The application cycle for the fall 2022 program is now open.
The multidisciplinary Microbiology & Immunology (MI) program offers education and training leading to the MS and PhD degrees. The faculty in this program have diverse research interests ranging from the cellular and molecular pathogenesis of infectious agents to the effect of aging on the immune function.
In the first year, students spend most of their time completing required courses in the core curriculum and completing the research laboratory rotation requirements.
All students must successfully complete the core curriculum before advancing to the specific program requirements for their degree. All students must pass a preliminary examination at the end of the first year, while also attending student seminars and journal clubs. Advanced level courses in immunology, genetics, microbial physiology, molecular biology, microbial pathogenesis, mycology and parasitology are offered to interested students in the second year.
PhD candidates must pass a qualifying examination in the middle of their third year and also submit a minimum of two manuscripts (publications from their research) during the course of the program. The average amount of time required to complete the PhD requirements is five years.
For more information, visit the Department of Microbiology and Immunology
The following guidelines describe the academic policies and procedures pertaining to graduate study in the Microbiology and Immunology program. The booklet contains current standards that are revised periodically by faculty in the program, procedures and general rules of the Division of Biomedical Science Programs.
Research in Microbiology & Immunology
The Graduate Program in Microbiology & Immunology provides a stimulating environment for our graduate students as they prepare to play leading roles in academic, government, pharmaceutical or biotech research, and in international health organizations. New approaches to the study of basic and applied aspects of microbiological and immunological research have opened new avenues in the study of infectious disease and host defense. Students in the Graduate Program are using these approaches to study microbial pathogenesis and genomics, autoimmune disease, malaria, viral infection and pathogenesis and vaccine development.
The Graduate Program provides interactive broad-based education and research training. Our students receive comprehensive instruction in molecular and cell biology, biochemistry, microbiology and immunology, as well as in-depth training in their chosen area of research. Our MS, PhD and MD/PhD students train in the laboratories of participating faculty in the Department of Microbiology & Immunology, Department of Biochemistry and Molecular Biology, Department of Medicine, Department of Pharmacology & Physiology or with affiliate faculty at the Fox Chase Cancer Center, the Baruch S. Blumberg Institute or the Lenkanau Institute for Medical Research.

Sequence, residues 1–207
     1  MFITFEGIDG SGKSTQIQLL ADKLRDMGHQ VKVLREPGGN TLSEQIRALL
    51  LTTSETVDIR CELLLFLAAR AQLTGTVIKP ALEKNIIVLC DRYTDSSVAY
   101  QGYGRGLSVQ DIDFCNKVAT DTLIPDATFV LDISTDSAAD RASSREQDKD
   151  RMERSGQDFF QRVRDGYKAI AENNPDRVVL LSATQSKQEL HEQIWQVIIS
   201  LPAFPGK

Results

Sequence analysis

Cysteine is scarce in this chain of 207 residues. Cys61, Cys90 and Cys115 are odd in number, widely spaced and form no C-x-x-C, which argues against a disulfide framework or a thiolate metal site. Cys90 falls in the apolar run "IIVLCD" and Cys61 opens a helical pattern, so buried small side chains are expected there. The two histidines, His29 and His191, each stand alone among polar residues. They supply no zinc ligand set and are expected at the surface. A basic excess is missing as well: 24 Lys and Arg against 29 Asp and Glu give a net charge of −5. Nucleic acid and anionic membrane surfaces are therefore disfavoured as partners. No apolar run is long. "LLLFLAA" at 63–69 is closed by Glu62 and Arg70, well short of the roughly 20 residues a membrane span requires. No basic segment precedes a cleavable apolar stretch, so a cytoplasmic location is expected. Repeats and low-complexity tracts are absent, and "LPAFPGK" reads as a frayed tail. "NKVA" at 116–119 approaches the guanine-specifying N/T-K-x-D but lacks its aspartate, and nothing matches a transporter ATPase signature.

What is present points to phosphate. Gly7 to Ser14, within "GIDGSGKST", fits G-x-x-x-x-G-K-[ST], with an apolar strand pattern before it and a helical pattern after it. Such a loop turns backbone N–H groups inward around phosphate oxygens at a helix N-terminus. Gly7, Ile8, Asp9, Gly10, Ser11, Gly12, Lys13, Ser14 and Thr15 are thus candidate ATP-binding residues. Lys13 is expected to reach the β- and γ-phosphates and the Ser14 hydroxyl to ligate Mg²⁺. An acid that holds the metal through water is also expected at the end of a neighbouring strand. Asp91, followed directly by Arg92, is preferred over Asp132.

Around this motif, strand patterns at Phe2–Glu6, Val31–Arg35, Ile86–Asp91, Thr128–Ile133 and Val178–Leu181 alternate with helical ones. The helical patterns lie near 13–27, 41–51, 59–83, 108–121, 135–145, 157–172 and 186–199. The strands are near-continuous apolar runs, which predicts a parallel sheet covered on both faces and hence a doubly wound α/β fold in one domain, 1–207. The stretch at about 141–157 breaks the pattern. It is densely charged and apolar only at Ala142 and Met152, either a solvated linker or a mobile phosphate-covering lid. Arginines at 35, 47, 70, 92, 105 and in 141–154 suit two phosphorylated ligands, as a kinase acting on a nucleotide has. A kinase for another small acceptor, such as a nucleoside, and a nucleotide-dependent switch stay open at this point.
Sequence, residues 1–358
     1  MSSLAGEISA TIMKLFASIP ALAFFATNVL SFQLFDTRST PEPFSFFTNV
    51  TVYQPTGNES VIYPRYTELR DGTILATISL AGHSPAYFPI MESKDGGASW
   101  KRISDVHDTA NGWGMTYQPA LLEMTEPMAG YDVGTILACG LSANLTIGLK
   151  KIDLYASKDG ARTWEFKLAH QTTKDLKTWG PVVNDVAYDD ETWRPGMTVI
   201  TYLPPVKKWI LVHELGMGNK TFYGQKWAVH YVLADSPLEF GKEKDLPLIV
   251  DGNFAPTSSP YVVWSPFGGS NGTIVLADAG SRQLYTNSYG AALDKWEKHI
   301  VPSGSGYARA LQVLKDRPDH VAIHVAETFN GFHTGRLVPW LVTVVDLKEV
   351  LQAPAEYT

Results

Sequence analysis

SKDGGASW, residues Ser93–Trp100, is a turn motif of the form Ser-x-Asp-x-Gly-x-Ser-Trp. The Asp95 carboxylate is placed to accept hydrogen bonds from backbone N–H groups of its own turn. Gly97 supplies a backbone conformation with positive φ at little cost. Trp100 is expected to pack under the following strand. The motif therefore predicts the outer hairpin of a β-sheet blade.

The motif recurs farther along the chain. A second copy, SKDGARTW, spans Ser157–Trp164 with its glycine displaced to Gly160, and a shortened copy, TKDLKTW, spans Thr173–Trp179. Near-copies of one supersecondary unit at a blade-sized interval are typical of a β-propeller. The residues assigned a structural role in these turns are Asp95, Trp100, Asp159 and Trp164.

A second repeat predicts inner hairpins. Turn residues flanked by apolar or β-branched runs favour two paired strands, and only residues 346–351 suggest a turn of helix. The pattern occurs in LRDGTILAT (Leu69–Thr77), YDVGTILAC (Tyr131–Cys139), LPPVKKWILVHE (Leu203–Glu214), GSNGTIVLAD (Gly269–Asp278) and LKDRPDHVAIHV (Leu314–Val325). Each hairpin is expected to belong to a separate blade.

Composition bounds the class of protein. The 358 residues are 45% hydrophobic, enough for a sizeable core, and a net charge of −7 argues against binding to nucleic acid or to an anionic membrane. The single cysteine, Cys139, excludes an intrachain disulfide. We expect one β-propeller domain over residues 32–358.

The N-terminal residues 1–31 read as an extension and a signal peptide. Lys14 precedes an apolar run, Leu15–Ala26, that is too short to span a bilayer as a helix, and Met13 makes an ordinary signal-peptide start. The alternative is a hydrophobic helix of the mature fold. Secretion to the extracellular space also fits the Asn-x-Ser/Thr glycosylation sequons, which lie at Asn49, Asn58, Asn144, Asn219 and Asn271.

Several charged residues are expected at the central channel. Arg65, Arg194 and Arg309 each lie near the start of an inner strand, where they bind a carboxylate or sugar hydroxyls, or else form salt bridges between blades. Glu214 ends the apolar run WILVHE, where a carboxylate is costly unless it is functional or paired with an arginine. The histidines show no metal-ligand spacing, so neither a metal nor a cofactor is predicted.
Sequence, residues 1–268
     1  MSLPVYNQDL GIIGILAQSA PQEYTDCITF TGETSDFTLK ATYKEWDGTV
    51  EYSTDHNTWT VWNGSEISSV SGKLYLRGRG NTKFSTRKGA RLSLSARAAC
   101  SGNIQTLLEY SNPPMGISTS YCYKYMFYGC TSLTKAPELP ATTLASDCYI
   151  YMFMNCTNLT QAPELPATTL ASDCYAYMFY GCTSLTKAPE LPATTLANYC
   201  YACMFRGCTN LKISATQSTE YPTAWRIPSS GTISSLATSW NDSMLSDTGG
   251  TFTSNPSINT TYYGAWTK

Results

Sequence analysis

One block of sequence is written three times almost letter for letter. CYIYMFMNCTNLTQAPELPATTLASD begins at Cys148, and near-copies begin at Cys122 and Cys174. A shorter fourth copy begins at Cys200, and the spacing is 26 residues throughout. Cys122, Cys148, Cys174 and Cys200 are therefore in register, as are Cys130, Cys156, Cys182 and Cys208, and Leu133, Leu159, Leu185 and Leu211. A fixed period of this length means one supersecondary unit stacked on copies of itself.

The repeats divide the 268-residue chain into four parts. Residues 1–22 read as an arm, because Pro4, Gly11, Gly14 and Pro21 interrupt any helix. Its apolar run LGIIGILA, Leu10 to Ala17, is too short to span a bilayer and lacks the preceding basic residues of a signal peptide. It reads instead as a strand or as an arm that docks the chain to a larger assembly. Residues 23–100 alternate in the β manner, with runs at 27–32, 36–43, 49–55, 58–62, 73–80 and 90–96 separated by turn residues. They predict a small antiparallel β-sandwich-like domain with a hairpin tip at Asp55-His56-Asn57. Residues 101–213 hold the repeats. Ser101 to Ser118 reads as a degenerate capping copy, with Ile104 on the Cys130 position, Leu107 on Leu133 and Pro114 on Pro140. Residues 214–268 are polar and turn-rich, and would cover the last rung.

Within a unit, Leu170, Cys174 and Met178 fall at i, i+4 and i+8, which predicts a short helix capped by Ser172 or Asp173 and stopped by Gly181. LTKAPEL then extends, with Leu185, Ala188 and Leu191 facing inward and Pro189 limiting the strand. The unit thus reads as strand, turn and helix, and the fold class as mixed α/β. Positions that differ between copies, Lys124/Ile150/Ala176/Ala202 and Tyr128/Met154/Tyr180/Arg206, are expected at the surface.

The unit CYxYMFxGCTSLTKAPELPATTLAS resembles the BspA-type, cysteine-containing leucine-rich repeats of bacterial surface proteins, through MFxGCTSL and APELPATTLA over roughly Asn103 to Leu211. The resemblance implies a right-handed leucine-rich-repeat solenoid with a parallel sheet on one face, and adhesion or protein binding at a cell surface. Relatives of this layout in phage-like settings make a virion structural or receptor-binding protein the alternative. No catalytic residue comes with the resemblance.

Learn more about the research areas of the Graduate Program
30th Philadelphia Infection & Immunity Forum Winners (December 14, 2021)
Adam Glass, graduate student (yr-2) in the Microbiology and Immunology graduate program, was awarded 1st Prize Junior Graduate Student for his poster presentation "Investigating Innate Immune Receptors in Macrophage Response to Betacoronavirus Infection" at the 30th Philadelphia Infection & Immunity Forum, organized by the Eastern Pennsylvania Chapter of the American Society for Microbiology (ASM). Teresa LuPone, MS, graduate student (yr-5) in the Microbiology and Immunology graduate program, was awarded 1st Prize Senior Graduate Student for her poster presentation "Zika Virus Infection activates Toll Like Receptor 3 in Primary Human Fetal Astrocytes." Elijah Davis, graduate student (yr-4) in the Microbiology and Immunology graduate program, was awarded 2nd Prize Senior Graduate Student for his poster presentation "Toll Like Receptors dictate Microglia Responses to Beta-Coronavirus infection." Douglas Krauth, graduate student (yr-4) in the Microbiology and Immunology graduate program, was awarded Honorable Mention Senior Graduate Student for his poster presentation "Characterizing the SARS-CoV-2 Novel Accessory Protein ORF8." Adam, Teresa, Elijah and Douglas are mentored by Dr. Sonia Navas-Martin, Professor of Microbiology and Immunology, Drexel College of Medicine. Benjamin Haslund-Gourley, graduate student (yr-2) in the Microbiology and Immunology graduate program, was awarded 1st Prize MD/PhD Student for his poster presentation "Employing Glycoproteins to Improve Early Lyme Disease Diagnosis." Ben is mentored by Dr. Mary Ann Comunale, assistant professor of microbiology and immunology and Dr. Joris Beld, assistant professor of microbiology and immunology.
Dean’s Travel Award
Congratulations to Jennifer Connors, winner of the Dean’s Travel Award. The Dean’s Travel Award is meant to partially defray the cost of attending a scientific meeting at which a graduate student is making a presentation, or is related to the student’s graduate study.